The much-awaited Real Estate (Regulation and Development) Act, 2016 (RERA) was enacted last year promising transparency and regulation in the real estate sector. While the process to get a regulatory framework for the real estate sector itself was tedious, getting all the states to regularise the sector at the ground level is turning into a far more interminable task.
By Surabhi Arora
The much-awaited Real Estate (Regulation and Development) Act, 2016 (RERA) was enacted last year promising transparency and regulation in the real estate sector. While the process to get a regulatory framework for the real estate sector itself was tedious, getting all the states to regularise the sector at the ground level is turning into a far more interminable task. Currently, all the states are gearing up to implement RERA, and we expect the regulation to be a reality at least in some states by the end of the year despite all the discussion and ambiguity around relaxation of various clauses in state rules. The clauses that are most disputed ones are the inclusion of ongoing projects in the ambit of RERA, penalty provisions, promoters’ responsibility for structural default and clear titles.
Although such ambiguity is likely to remain for a while, the act is likely to change the way real estate sector operates in India. It will also influence the demand-supply and risk-return dynamics for both developers and buyers.
Until a couple of years back, real estate investments yielded an un-proportionate high returns for a few investors, however, money got stuck in delayed projects for a lot of them. After the implementation of the Act, the investment in the real estate sector will be more mature and short-term (1-2 years) investors looking for speculative gains will find it difficult to make money in this market. Like other mature markets, real estate investments will yield returns to those investing for long term (more than 5 years).
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Currently, the major risk associated with the investment in an under construction project for a buyer is delay in delivery of the apartment/plot; and the delivered product not being as promised at the time of booking in terms of quality, specification and carpet area. The delay in delivery is either because of delay in getting necessary approvals by the developer or use of the project money for some other purposes. The provision of mandatory registration and requirement of keeping 70% of the project money into an escrow account is likely to reduce the buyer risk to a certain extent. The provisions of promotor’s liability for clear title, inclusion of real estate agent under the purview of Act and penalty clauses will increase the overall transparency and accountability in the system. This in turn will trigger the demand from new expectations created by the Act. Indeed, the sentiment among buyers was started turning more positive, but demonetisation further dampened the sentiments in November 2016.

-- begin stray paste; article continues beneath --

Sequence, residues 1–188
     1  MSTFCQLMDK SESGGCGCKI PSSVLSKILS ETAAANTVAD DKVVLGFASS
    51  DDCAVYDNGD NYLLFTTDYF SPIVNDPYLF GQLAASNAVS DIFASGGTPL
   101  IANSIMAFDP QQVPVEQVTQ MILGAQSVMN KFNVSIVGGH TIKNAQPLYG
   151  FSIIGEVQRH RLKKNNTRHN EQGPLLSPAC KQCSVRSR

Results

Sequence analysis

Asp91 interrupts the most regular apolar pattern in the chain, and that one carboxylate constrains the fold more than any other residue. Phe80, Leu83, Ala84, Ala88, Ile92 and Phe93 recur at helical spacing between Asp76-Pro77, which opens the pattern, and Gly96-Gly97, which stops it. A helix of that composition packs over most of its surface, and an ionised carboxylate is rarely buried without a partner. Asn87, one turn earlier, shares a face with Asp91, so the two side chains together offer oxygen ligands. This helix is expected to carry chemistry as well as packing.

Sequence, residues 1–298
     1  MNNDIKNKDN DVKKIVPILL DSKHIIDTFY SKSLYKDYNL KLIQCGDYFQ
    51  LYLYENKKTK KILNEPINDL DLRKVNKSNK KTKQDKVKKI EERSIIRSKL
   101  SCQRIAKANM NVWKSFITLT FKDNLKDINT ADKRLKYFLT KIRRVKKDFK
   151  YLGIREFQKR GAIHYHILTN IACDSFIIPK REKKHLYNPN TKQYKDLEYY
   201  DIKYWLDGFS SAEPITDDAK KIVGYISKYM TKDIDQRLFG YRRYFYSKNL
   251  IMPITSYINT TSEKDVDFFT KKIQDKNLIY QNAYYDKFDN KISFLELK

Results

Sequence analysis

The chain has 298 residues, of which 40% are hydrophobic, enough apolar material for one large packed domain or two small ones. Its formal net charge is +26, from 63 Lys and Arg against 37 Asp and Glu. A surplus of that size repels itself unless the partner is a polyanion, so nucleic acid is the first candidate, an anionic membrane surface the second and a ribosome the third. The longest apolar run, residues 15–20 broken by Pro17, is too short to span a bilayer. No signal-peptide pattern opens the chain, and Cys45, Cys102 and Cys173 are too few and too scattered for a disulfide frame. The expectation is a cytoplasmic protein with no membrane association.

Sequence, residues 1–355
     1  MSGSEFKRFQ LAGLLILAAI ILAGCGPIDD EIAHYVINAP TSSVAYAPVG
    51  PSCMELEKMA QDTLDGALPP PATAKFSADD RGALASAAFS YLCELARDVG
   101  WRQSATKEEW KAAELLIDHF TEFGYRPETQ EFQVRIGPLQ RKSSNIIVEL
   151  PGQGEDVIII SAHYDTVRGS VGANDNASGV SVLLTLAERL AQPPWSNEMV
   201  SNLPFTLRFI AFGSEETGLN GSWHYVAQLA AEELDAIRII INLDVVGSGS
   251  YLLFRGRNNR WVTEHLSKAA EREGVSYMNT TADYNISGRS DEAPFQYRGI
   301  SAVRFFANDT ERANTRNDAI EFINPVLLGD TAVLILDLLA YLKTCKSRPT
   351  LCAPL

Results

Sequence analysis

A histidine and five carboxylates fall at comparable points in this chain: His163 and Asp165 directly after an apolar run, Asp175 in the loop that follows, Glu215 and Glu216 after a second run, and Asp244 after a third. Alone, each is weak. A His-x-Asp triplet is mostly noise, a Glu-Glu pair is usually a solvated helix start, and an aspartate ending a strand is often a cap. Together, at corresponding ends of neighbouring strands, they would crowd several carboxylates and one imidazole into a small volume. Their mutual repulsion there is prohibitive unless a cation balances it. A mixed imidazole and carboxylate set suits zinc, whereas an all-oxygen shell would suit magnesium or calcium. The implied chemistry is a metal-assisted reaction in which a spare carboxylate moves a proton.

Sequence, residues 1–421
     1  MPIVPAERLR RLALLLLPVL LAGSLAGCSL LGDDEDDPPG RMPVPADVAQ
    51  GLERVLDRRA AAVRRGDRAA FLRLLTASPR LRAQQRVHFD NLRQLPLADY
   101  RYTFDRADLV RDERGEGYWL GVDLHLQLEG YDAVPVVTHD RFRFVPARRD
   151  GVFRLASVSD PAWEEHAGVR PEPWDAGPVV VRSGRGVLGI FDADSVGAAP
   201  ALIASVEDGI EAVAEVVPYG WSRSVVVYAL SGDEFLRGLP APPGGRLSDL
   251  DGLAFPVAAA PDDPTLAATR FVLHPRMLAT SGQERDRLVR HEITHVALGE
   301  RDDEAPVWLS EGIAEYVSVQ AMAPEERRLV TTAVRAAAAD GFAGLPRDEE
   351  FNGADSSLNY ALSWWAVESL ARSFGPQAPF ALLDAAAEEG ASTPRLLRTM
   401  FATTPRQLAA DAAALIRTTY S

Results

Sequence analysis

Having said that, the economy seems to be started having consumption base recovery. At the same time, for a developer, the mandatory requirement to have all approvals in place prior to sales should increase holding cost of the project. This will increase the threshold to entry into the real estate industry; and will adversely affect smaller enterprises. Developers may face liquidity issues as banks, financial institutions and funds would prefer to enter into the project once it is registered with the authority. Smaller enterprises may find it difficult to venture into the market due to liquidity issues. To reduce holding costs, we will see more joint development (i.e. an agreement to develop between property owner and developer) rather than outright land purchases. The provision of inclusion of existing projects under RERA is also pushing developers to complete their under construction projects.
The developers are rushing towards completing their undergoing projects especially the one which are in advanced state of completion as abiding by all the regulations mentioned in RERA for an undergoing project are more difficult to comply with than the new projects. On completion of the project, the builders may get the occupation certificate and may not have to go for all the hassle of completing all the formalities of RERA provisions. This in fact is good for buyers who are looking for early completion of their projects.
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Thus, on the supply side, there may be a drop in new project launches after RERA. This is because fewer projects are likely to be ready for registration and probably the developers will first complete their under construction project and wait to see how the new norms pan out before launching new projects. Currently, all major cities in India have high-unsold inventory, thus lower new project launches should ensure equilibrium in demand and supply in the residential sector. Developers who will prepare for the changes in advance will benefit from the demand. Over time, RERA will weed out speculators in the Indian property market and enhance the credibility of the sector.
(The author is Senior Associate Director, Research, Colliers International India)